(Sam Gehrke)
(Sam Gehrke)

While breakfast and lunch come with plenty of highlights, the dinnertime menus are the most refined—in effect offering a window into the upscale and audacious cuisine at Le Pigeon for a fraction of the price. This is especially true during the early and late-night happy hours, when the steam burger, a guilty-pleasure bite seasoned with Lipton French onion soup mix that's about the size of a White Castle, is just $3, and the experiment in surrealism—a seven-minute boiled egg with trout roe, bacon, roasted garlic and smoke-infused maple syrup dubbed oeufs en mayonnaise—is $5.

Many of Canard's most memorable dishes have been those seemed doomed to fail, like foie gras dumplings ($20), the early version featured peanut sauce, cubed green apple and crunchy miso-roasted shallots. The nuttiness, bright acidity and umami flavors each came through with clarity. Those ingredients have been switched out for more fall-like fare, including pear relish, roasted chestnut and black truffle. Just make sure to bite into the dumplings the moment they hit the table to capture their supple texture and the foie gras's truffly vapor.

(Sam Gehrke)
(Sam Gehrke)

Canard may at times feel like the adventurous eater's Mount Everest, but Rucker pushes all allegations of absurdity to the side with his unassuming vegetable dishes. The menu descriptions never do them justice. They were reliably our favorite plates every visit. The quinoa bowl ($10) defies the bland versions around town. It begins with a spicy-cool combination of carrot harissa, cucumber raita and cilantro, but it's also a study in textures, featuring boiled quinoa, seared avocado and seasonal cubes of golden beet and plum.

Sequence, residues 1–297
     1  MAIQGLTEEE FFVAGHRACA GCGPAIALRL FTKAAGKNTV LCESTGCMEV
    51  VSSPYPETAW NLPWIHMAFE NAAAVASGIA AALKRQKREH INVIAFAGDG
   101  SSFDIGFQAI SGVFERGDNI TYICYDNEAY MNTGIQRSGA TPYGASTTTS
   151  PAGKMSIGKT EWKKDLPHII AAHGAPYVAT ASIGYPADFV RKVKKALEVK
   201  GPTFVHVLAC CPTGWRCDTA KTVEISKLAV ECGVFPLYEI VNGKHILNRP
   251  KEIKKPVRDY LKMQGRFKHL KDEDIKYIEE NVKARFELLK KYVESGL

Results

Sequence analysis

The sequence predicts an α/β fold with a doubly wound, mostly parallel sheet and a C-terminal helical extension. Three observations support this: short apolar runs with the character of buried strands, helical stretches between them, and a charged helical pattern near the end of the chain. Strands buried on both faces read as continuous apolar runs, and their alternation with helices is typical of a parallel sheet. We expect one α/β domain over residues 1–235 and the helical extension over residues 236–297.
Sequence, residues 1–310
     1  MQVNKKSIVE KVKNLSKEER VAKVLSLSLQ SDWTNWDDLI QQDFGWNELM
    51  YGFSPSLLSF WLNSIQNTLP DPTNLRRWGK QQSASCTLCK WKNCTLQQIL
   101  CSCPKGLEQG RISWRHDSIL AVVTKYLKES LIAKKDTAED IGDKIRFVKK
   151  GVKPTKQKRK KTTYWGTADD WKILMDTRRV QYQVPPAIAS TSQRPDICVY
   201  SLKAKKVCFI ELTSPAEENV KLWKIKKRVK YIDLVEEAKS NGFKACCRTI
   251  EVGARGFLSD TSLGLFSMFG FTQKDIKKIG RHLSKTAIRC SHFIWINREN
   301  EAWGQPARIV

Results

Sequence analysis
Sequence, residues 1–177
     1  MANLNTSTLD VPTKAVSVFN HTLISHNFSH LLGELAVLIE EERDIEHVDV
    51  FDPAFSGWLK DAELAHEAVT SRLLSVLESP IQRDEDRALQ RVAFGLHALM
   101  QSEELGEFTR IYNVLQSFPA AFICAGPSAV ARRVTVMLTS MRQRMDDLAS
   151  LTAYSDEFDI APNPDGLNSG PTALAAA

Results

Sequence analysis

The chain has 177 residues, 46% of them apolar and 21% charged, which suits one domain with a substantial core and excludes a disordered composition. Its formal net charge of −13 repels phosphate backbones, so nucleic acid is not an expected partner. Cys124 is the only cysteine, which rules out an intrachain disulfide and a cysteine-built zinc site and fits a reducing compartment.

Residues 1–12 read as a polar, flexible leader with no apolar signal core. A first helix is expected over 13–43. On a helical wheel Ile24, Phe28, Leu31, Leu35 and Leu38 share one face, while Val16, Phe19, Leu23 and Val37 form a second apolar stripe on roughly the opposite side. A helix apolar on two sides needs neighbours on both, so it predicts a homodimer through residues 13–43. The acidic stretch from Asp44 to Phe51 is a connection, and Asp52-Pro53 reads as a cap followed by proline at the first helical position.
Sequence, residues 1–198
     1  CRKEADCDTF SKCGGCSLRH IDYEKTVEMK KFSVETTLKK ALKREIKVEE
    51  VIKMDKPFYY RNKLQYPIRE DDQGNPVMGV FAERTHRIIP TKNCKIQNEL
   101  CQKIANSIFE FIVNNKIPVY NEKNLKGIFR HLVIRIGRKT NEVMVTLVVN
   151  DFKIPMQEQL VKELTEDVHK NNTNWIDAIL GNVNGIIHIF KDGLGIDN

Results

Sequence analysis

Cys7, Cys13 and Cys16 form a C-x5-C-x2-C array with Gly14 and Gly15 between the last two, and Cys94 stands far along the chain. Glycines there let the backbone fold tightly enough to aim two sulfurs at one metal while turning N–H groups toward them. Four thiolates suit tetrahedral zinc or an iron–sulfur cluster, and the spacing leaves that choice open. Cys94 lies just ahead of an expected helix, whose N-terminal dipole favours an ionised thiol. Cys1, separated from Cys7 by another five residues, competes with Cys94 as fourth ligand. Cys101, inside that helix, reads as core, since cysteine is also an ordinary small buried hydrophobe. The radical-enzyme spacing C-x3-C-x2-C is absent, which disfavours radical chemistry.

We could eat it every day.

Likewise, a late-summer orzo ratatouille ($15) was so nourishing and comforting it made chicken noodle soup seem almost vulgar by comparison. Rather than basic broth, succulent tomato and transportive marjoram formed a baseline, followed by rich grilled portobello mushrooms, Parmesan, aged balsamic drizzles and buttery breadcrumbs. New components keep bubbling up among the silky orzo with each forkful, like chunks of perfectly tender zucchini and eggplant that melt in the mouth.

(Sam Gehrke)
(Sam Gehrke)

The desserts at Canard are worth the splurge. Nothing contains foie gras so far, but the seasonal Paris Brest ($10) squeezes lacy cream between the same pâte à choux pastry as the profiteroles next door. It's one of the best desserts in the city right now. Additionally, the soft serve peanut butter fun cones ($6) are a taste of childhood.

"I always talk about food being fun, not being this temple of seriousness," says Rucker. "I want the food at Canard to make you smile, not think so much."

Canard probably wouldn't have happened if Rucker weren't already standing on such a sturdy foundation. The restaurant leans more heavily on nostalgic, classically unsophisticated flavor wallops than either Le Pigeon or Little Bird. It's exactly as if fast food got a Michelin-star upgrade.

Few chefs would hazard such childish playfulness within reach of razor-sharp knives, foie gras and truffles. After a thundering first seven months, Rucker feels blessed.

"Canard is the only restaurant we've built from scratch," he says. "We set out with such a lofty goal, and I'm amazed it's happened. Every day, I walk in with people doing business meetings, moms breastfeeding babies, weed dispensary dudes eating duck stack pancakes. At the end of the day, it's about making people happy and bringing them together under one roof. If you're cooking just to pay the bills, you aren't sharing the experience."

GO: Canard, 734 E Burnside St., 971-279-2356, canardpdx.com, 8 am-Midnight Monday-Friday, 9 am-Midnight Saturday-Sunday